I'm lucky, I've not had Covid - despite an In House GP, and the fact that the Junior Medic was on the Infection Control ward for the first 6 months of last year, and because he is a single person living on his own we are his support bubble - which is probably helped by living in Exeter, where rates have not been as high as elsewhere. It's not so easy to carry out scientific research at home, so when we were basically banned from campus in March, I spent two months desperately rooting around for things to do (got my latest protocol published in the end) before they finally decided to furlough us in May. At that point, I had the Teenager off school, although I didn't need to be involved in home schooling as she has her own laptop and is pretty conscientious about doing work, and Son No 2 was on a leave of absence from Uni, though incredibly hacked off that he couldn't (a) go to the gym and (b) earn some dosh over at Sandy Park stadium. I was doing fine - took up morning yoga, found some home workouts that I liked on YouTube, went walking with the Teenager, made bread, read books.

Then in September I was allowed back to work - I'm currently 0.6FTE anyway - and whilst my boss didn't have any pertinent suggestions as to what I was doing, I found things to occupy in the time that I could book in the lab. The Teenager went back to school - although she ended up self-isolating twice - and Son No 2 went back to Uni. Things felt a bit more normal. I was still doing fine.

Come lockdown number 3, and I suddenly feel as if I'm stagnating. My yoga and exercise motivation has crumbled. I'm still allowed to go into work, but walking between the car park and the building , I find my knees are aching, and climbing the multitude of stairs to our penthouse lab whilst wearing a face mask is an exercise in torture. My ability to nod off is scary - I'm not quite 50, but five minutes in front of a scientific paper online and I'm fighting my eyelids. Walking with the Teenager, I find that she is outpacing me on upward slopes. It's like being in a permanent state of lethargy, and not helped by the feeling that I need to remain bright and positive because the In House GP is brought low by January and February, his least favourite months.

Anyway, I'm sorry. I have a roof over my head, enough to eat, I haven't lost anybody to this grim disease, so I have much to be thankful for. I just can't help feeling as though I've lost a piece of me over the last year and I don't know where it's gone!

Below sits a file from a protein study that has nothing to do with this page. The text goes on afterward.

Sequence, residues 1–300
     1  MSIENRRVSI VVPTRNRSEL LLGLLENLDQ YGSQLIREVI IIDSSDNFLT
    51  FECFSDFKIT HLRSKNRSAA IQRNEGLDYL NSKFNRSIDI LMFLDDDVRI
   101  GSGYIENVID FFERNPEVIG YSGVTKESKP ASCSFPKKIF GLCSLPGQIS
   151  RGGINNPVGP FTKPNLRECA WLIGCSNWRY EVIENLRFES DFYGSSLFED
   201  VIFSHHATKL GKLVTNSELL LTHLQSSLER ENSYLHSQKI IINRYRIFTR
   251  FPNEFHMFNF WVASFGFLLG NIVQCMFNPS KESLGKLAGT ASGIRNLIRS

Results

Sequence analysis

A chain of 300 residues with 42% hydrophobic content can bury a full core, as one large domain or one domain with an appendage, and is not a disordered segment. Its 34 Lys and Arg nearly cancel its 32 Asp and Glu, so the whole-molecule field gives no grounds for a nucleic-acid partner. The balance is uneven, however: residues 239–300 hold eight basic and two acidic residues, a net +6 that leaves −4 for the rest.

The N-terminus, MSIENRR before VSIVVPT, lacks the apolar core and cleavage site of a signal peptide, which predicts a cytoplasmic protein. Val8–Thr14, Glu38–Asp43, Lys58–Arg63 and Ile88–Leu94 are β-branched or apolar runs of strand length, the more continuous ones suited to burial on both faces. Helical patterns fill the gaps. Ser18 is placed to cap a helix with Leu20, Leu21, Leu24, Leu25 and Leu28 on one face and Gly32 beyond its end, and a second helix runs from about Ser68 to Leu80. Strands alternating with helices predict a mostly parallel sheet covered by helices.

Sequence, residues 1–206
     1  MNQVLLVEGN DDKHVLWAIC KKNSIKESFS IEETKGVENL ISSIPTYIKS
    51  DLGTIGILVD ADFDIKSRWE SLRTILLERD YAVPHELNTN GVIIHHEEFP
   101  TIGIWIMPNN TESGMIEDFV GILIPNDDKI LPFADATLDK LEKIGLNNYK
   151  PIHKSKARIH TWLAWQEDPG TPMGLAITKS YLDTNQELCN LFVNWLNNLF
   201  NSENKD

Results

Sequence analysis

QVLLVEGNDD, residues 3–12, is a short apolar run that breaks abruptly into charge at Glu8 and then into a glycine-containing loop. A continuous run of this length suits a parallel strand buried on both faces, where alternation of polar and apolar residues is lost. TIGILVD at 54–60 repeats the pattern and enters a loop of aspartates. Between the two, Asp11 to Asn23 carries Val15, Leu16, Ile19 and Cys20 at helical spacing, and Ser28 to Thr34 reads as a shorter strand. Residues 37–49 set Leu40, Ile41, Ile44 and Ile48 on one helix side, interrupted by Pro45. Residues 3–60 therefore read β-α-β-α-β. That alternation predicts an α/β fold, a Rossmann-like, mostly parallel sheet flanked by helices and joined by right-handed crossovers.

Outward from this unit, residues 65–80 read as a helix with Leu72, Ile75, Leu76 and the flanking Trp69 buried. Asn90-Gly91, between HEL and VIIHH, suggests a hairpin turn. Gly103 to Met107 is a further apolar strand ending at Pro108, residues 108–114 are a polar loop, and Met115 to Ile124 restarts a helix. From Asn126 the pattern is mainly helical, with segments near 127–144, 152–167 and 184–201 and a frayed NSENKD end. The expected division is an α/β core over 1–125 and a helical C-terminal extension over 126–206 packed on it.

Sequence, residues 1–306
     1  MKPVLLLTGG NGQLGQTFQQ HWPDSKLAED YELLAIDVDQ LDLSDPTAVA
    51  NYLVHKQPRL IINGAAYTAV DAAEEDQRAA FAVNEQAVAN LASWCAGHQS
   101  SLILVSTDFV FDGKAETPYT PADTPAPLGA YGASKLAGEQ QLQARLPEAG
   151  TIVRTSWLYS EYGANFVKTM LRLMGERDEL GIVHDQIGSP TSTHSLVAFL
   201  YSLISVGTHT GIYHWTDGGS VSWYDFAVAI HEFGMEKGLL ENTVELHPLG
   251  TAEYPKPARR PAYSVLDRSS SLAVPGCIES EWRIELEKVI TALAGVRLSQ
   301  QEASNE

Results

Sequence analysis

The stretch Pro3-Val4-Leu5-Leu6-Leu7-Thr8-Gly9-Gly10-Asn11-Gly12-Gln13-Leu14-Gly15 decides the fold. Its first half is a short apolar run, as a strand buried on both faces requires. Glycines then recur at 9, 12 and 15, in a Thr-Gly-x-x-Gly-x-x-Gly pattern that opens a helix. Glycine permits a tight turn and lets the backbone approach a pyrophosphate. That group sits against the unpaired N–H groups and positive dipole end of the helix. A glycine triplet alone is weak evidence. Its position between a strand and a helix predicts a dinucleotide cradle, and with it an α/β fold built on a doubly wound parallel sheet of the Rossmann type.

I'm about the same age and also feeling the same way as you are bugmum .. X
 

catseye

Old lady trouser-smell
Joined
Feb 1, 2010
Messages
2,343
Reaction score
7,553
Points
219
Location
York
Despite my life carrying on much as always, this lockdown has also been a step too far for me. The previous times I haven't minded not seeing the kids or being able to go out and do 'stuff'; I've been carrying on my normal writing, running working routine but it feels thin somehow. As though I'm making work for myself to do. This week I've had the week off work, a booked holiday I had to use up despite having nothing to use it up on. And I've realised how awful lockdown must be for all those people who are alone 24/7. Normally I meet and chat to people at work. Now I am spending eleven days in what feels like social isolation.

I''m getting a LOT of writing done. Plus I've decorated my bedroom and changed the furniture around. But I just want to sit and have coffee and a chat!
 

charliebrown

Ephemeral Spectre
Joined
Nov 2, 2020
Messages
355
Reaction score
383
Points
63
Location
Earth
Since the U.S. is frozen in snow, vaccine deliveries are way behind.

My wife has tried to obtain a vaccination for about a month now with no results.

I read if you had Idiopathic Thrombocytopenia Purpura don’t take the shot, so that is me.
 

Mythopoeika

I am a meat popsicle
Joined
Sep 18, 2001
Messages
43,320
Reaction score
34,431
Points
309
Location
Inside a starship, watching puny humans from afar
Since the U.S. is frozen in snow, vaccine deliveries are way behind.

My wife has tried to obtain a vaccination for about a month now with no results.

I read if you had Idiopathic Thrombocytopenia Purpura don’t take the shot, so that is me.
Uh-oh. I have something like that on my legs... :(
 

Analogue Boy

Bar 6
Joined
Aug 10, 2005
Messages
11,364
Reaction score
11,096
Points
309
I’ve lost my motivation somewhere along the line. Before lockdown, I was pretty jaded about life in general anyway but today I was thinking what I would do once this is over. Apart from being able to start doing proper walks again, I‘m finding the idea of a holiday dull in terms of investment. There’s nowhere I really want to visit. I’d find the drive too tedious and the hotel too expensive for what it offers. From Inverness to Land’s End, I’ve seen lots of the UK over the years and have seen a lot of changes - not necessarily for the better. Things that I used to find interesting just don’t grab me anymore.
 

BlackPeter

Ancient Badger
Joined
May 5, 2006
Messages
291
Reaction score
402
Points
79
Got my vaccine jab yesterday at my GP's - a bit odd because right next door (literally) to my GP surgery is a sports hall which is the local centre for vaccination (specifically told by my GP not to go there) arrived at surgery - huge queues at sports hall went into doctors -two of us in queue -asked nurse about reason why I had been called to surgery instead -no explanation and strangely evasive! Anyway no effects so far with jab -fairly standard for me with vaccines!
 

Mythopoeika

I am a meat popsicle
Joined
Sep 18, 2001
Messages
43,320
Reaction score
34,431
Points
309
Location
Inside a starship, watching puny humans from afar